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Magnetic hyperthermia controlled drug release in the GI tract: solving the problem of detection

View Article: PubMed Central - PubMed

ABSTRACT

Drug delivery to the gastrointestinal (GI) tract is highly challenging due to the harsh environments any drug- delivery vehicle must experience before it releases it’s drug payload. Effective targeted drug delivery systems often rely on external stimuli to effect release, therefore knowing the exact location of the capsule and when to apply an external stimulus is paramount. We present a drug delivery system for the GI tract based on coating standard gelatin drug capsules with a model eicosane- superparamagnetic iron oxide nanoparticle composite coating, which is activated using magnetic hyperthermia as an on-demand release mechanism to heat and melt the coating. We also show that the capsules can be readily detected via rapid X-ray computed tomography (CT) and magnetic resonance imaging (MRI), vital for progressing such a system towards clinical applications. This also offers the opportunity to image the dispersion of the drug payload post release. These imaging techniques also influenced capsule content and design and the delivered dosage form. The ability to easily change design demonstrates the versatility of this system, a vital advantage for modern, patient-specific medicine.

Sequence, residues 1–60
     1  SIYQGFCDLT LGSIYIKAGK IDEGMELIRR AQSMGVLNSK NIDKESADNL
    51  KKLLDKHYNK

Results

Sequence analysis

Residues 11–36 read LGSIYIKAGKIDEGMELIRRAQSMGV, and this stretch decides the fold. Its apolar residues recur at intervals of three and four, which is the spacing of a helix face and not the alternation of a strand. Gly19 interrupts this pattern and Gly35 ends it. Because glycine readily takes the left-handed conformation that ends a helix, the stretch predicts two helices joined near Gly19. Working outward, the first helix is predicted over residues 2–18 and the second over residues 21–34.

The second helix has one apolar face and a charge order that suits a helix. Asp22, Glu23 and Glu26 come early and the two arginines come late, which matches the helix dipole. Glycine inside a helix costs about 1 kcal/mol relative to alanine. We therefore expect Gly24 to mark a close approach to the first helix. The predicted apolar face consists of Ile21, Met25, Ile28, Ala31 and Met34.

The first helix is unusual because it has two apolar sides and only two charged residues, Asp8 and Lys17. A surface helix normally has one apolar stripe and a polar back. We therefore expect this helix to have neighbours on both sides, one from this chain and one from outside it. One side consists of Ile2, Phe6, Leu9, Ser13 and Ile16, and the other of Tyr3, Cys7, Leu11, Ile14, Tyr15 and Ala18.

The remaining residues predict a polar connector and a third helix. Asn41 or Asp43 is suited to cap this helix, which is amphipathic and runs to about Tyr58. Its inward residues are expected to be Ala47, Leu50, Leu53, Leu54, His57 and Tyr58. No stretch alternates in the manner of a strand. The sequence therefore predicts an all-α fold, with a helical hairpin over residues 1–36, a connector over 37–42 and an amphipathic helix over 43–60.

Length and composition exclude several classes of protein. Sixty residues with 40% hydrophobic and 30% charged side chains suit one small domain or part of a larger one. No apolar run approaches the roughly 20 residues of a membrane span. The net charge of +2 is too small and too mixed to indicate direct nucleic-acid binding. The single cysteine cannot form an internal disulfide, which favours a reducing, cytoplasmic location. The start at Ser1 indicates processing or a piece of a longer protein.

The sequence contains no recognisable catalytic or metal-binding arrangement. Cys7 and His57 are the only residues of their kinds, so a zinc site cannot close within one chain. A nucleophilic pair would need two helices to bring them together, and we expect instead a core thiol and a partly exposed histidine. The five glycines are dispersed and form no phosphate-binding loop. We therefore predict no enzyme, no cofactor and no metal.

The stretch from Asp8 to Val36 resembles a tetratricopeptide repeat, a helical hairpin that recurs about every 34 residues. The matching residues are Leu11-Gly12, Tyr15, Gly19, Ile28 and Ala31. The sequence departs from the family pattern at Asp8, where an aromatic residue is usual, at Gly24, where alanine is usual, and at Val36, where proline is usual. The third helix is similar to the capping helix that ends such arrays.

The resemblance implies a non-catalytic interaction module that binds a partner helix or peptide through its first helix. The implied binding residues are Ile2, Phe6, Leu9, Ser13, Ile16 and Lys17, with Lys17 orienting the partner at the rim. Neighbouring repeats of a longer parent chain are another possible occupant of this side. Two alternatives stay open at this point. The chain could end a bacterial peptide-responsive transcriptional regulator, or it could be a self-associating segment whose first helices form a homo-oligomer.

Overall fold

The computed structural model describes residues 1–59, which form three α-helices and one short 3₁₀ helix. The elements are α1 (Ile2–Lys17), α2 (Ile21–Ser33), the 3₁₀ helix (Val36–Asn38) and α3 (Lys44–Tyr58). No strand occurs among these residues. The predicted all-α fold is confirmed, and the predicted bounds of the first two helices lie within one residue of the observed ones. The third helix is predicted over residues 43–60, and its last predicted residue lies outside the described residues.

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(a) Graph of heating an eicosane- SPION coated capsule in air demonstrating heating behaviour commensurate with the latent heat of melting of eicosane and (b) submerged in water. Melting was difficult to observe via an attached thermocouple as the thermocouple detached as the material melted, (c,d) are thermal images showing progression of melting with time, at 105 seconds in (c) and 285 seconds in (d) for the capsule heated in air.
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f3: (a) Graph of heating an eicosane- SPION coated capsule in air demonstrating heating behaviour commensurate with the latent heat of melting of eicosane and (b) submerged in water. Melting was difficult to observe via an attached thermocouple as the thermocouple detached as the material melted, (c,d) are thermal images showing progression of melting with time, at 105 seconds in (c) and 285 seconds in (d) for the capsule heated in air.

Mentions: Temperature versus time data extracted from the thermal imaging camera was used for the capsule in air (Fig. 3a). Although an attached fibreoptic thermocouple was used for the heating of the capsule in water in (Fig. 3b), the disintegrating nature of the melting coating made this exacting, so where appropriate, the thermal camera was used. As seen previously2223, the heating curve in air displayed initial heating to a plateau. This plateau is due to the energy required to supply the latent heat of melting, hence a plateau was observed as the material undergoes phase transition to a liquid. The incorporation of SPIONs tend to lower the melting temperature of the composite from the literature melting point of eicosane (35–37 °C), although incorporation of higher molecular mass alkanes again raises the melting point23. Rapid heating was observed as the solid eicosane matrix became liquid.